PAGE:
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Cells Tissues Organs. 2019 Jul 1:1-12. doi: 10.1159/000501071. [Epub ahead of print]

In vitro Engineering of a Skin Substitute Based on Adipose-Derived Stem Cells.

Author information

1
Surgical, Medical and Dental Department of Morphological Sciences Related to Transplant, Oncology and Regenerative Medicine, University of Modena and Reggio Emilia, Modena, Italy, alessia.paganelli@gmail.com.
2
Surgical, Medical and Dental Department of Morphological Sciences Related to Transplant, Oncology and Regenerative Medicine, University of Modena and Reggio Emilia, Modena, Italy.
3
Department of Dermatology and Cutaneous Surgery, Wound Healing and Regenerative Medicine Research Program, Miami, Florida, USA.
4
Department of Biomedical, Metabolic and Neural Sciences, University of Modena and Reggio Emilia, Modena, Italy.
5
Azienda Unità Sanitaria Locale - IRCCS di Reggio Emilia, Reggio Emilia, Italy.

Abstract

In the field of wound healing, stem cell-based strategies are gaining importance for their regenerative potential. Adipose-derived stem cells (ADSCs) are a particular subset of mesenchymal stem cells present in the stromal-vascular fraction of the adipose tissue, today considered very attractive for their relative abundance and accessibility in the human body. However, ADSCs are still not routinely used in normal clinical practice. Several studies have also reported ADSC transplantation in association with biomaterials in an attempt to enhance the local retention and growth rate of the cells. The aim of our study was to evaluate the ability of ADSCs to build a dermal scaffold to be potentially used as a dermal substitute in the field of wound healing, with optimal biocompatibility and mechanical properties. ADSCs were defined as CD90-, CD73-, and CD105-positive cells. ADSCs turned out to be capable of secreting all the main components of the extracellular matrix (ECM) upon stimulation, thus efficiently producing a collagen and fibronectin-containing dermal matrix. We also checked whether the ADSC-produced dermal scaffold could be seeded with keratinocytes. The scaffolding material directly produced by ADSCs has several advantages when compared to the commercially available ones: it is easily obtained from the patients and it is 100% biocompatible and supports cell-ECM interaction. Moreover, it represents a possible powerful therapeutic tool for patients with chronic ulcers since it appears to be potentially grafted with keratinocytes layers, thus bypassing the classical two-step grafting procedure.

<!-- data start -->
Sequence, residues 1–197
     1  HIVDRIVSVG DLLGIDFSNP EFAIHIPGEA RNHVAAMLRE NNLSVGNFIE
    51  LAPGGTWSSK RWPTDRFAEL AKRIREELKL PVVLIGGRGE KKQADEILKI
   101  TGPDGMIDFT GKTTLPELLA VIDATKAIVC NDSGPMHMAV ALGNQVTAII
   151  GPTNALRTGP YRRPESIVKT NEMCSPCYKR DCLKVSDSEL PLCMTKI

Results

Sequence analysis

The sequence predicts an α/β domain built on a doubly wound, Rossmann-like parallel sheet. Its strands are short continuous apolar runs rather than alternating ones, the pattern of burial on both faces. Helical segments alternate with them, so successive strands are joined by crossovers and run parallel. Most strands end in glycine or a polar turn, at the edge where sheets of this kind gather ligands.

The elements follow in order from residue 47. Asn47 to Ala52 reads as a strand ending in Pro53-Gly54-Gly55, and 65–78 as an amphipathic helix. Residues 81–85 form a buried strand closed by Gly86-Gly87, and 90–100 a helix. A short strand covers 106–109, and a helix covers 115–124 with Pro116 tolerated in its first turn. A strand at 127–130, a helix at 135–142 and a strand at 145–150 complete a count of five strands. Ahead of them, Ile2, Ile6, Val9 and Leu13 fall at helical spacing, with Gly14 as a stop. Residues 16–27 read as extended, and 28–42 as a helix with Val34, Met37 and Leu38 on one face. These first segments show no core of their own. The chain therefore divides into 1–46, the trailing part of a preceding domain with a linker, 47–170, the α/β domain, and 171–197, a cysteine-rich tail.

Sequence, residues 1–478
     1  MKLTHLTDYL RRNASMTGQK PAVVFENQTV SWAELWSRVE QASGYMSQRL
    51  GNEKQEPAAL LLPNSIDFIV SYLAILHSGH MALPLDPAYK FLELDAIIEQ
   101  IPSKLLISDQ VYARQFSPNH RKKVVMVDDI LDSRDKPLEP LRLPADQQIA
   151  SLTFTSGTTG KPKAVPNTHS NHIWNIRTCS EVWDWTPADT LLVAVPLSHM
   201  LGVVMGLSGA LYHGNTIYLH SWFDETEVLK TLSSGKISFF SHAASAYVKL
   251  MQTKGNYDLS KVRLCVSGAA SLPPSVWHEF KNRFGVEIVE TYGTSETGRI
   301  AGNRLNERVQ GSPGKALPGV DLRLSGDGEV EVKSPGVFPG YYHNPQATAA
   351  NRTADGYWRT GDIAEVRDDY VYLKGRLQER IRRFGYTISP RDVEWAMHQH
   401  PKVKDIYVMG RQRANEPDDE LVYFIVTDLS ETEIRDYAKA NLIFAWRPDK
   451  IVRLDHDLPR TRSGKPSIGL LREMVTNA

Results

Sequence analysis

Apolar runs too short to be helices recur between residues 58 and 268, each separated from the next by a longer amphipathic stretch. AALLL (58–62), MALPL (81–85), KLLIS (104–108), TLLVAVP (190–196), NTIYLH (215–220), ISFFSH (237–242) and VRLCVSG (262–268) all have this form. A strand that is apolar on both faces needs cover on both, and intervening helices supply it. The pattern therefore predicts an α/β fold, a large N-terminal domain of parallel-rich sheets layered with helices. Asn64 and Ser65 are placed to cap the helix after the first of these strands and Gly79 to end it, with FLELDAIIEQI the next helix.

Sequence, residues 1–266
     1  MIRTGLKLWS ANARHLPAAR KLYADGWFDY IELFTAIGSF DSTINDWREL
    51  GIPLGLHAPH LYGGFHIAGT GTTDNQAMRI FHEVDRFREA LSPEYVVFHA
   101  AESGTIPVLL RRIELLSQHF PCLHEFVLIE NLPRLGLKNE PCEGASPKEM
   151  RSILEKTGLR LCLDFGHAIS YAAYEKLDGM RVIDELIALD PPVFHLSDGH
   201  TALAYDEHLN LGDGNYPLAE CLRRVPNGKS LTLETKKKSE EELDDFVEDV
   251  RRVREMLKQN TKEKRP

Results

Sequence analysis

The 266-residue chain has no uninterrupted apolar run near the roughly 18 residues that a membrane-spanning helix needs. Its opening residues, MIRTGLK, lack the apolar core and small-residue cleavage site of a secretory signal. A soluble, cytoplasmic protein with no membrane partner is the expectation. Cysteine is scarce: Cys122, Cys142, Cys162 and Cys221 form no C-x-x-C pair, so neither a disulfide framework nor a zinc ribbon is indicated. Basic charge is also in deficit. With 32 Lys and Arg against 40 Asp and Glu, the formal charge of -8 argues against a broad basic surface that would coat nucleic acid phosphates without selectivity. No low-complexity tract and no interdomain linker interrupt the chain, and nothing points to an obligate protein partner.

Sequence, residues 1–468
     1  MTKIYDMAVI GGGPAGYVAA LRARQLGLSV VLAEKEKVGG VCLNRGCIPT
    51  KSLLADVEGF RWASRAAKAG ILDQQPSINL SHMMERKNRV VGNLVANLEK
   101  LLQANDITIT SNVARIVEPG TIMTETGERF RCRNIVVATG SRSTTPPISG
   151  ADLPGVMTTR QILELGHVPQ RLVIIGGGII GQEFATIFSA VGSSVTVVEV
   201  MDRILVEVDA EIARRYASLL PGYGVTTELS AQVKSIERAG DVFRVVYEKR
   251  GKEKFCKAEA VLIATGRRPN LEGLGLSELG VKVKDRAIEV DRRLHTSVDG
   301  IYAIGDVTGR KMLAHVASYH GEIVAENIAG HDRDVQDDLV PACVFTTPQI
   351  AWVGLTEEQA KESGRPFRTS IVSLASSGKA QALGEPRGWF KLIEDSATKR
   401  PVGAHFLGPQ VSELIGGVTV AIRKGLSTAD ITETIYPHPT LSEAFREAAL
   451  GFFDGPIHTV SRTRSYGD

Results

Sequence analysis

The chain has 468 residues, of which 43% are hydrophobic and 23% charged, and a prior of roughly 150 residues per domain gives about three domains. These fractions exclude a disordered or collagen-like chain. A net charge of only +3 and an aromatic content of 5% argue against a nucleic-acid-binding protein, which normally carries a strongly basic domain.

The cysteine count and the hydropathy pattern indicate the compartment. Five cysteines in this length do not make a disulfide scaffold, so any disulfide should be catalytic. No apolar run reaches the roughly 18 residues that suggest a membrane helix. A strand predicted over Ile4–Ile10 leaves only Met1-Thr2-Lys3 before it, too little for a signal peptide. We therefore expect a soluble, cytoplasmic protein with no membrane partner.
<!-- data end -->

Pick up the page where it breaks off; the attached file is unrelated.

KEYWORDS:

Adipose-derived stem cells; Dermal matrix; Mesenchymal stem cells; Organotypic culture; Skin substitute; Tissue engineering

PMID:
31261153
DOI:
10.1159/000501071

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